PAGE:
By HOMELAND MEDIA TEAM
President Museveni recently made a comment on the issue of homosexuality during his State Visit to South Africa. In response to a question by South African journalists, Museveni stated that homosexuals would not be a major concern for Uganda and its people if they did not try to force their lifestyle upon everyone else.
“Nobody concentrates so much on homosexuals, nobody is hunting them, but because they come and want to come and force us to say homosexuality oyee, that is how you get a backlash,” Museveni said.
He believes that Western countries are insufferable and trying to impose their ideas on Uganda, causing a backlash.
Museveni is not the only Ugandan leader who has expressed concern about homosexuality. At a recent prayer service held in parliament and attended by several religious leaders, Speaker of Parliament Anita Among expressed appreciation for the contributions made by Western countries and donors to the country’s social and economic development.
However, she also expressed concerns about the negative impact on morals and culture, stating that while they appreciate the support, they do not need the money and would rather maintain their own cultural values.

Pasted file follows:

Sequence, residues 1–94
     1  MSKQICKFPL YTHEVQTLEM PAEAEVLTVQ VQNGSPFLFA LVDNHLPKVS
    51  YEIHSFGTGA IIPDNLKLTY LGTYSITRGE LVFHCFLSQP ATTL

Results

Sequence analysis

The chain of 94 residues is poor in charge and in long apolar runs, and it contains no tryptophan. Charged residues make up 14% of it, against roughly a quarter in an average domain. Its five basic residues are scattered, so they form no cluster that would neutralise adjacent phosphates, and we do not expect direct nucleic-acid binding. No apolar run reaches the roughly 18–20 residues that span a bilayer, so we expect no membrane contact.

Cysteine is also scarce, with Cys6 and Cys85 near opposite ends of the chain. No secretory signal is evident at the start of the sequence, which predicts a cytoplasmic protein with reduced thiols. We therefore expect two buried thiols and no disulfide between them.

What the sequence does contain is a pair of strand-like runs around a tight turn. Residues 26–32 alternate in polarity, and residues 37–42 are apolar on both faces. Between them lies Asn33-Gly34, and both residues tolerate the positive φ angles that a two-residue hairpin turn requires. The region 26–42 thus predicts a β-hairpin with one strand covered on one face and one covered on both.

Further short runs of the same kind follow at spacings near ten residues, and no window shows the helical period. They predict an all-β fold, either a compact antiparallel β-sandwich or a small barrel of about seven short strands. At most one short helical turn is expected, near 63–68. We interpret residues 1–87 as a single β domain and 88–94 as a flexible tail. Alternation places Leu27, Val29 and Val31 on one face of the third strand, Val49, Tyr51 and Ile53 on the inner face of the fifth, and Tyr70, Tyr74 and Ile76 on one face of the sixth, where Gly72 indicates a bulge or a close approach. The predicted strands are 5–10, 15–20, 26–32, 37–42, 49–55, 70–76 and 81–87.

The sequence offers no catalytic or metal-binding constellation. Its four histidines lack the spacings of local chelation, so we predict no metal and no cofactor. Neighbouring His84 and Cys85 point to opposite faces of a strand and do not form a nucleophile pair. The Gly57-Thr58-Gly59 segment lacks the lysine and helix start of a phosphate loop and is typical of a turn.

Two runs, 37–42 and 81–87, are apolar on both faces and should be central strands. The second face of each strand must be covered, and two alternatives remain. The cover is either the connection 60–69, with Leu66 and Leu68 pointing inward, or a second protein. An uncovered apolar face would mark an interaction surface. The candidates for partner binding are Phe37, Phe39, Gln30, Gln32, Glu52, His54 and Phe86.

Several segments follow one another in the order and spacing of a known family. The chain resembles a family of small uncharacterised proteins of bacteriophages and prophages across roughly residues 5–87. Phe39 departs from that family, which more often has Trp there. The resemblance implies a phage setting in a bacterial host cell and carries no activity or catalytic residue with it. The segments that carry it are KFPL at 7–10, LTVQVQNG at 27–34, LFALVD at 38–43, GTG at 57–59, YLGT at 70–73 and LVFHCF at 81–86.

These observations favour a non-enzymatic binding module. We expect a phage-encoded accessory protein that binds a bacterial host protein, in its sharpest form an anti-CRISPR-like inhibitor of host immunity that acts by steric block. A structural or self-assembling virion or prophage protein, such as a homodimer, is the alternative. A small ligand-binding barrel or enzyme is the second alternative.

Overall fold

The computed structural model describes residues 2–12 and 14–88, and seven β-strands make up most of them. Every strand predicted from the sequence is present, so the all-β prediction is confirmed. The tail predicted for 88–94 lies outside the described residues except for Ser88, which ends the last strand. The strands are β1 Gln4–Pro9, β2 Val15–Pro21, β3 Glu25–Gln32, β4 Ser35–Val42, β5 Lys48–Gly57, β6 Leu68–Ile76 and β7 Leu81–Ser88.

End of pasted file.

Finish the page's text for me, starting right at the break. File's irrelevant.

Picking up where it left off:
Meanwhile, Deputy Speaker Thomas Tayebwa attended the African Caribbean and Pacific-European Union summit and criticized the Contonou Agreement for promoting homosexuality and abortion, which he believes are incompatible with Ugandan society.
According to Tayebwa, the agreement contains hidden clauses that promote homosexuality and abortion, which Uganda will vehemently oppose. He believes that the institution of the family is essential to African culture and opposes the EU’s demands for Uganda to adopt certain values.
“We have discovered that with the Post Cotonou agreement, there are hidden clauses concerning human rights. Clauses to do with sexuality, promotion of LGBT/homosexuality and clauses to do with abortion,” he said.
“We are a society that is not ready for homosexuality and we are a society that is not ready for abortion. As Africa, we believe that the institution of the family is at the core of whatever we are doing,” Tayebwa said adding that, ’the EU is demanding that we take a certain root, they should also know the character of our society.
The issue of homosexuality is a contentious topic in Uganda, with some leaders believing that it is incompatible with the country’s cultural values. While Western countries and donors are appreciated for their contributions to social and economic development, there is a concern that their support may come at the cost of the country’s moral and cultural values.
Ultimately, the debate over homosexuality in Uganda is likely to continue as the country navigates its way through the tension between tradition and modernity.